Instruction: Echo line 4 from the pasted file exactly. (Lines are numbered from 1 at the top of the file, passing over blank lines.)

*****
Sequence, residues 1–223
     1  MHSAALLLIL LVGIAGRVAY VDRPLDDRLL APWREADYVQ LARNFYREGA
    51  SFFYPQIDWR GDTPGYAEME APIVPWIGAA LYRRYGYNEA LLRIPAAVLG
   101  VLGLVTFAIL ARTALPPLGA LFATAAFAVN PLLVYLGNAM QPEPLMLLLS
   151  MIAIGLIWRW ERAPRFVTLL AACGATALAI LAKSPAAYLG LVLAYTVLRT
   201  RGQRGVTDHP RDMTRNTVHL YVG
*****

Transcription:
   101  VLGLVTFAIL ARTALPPLGA LFATAAFAVN PLLVYLGNAM QPEPLMLLLS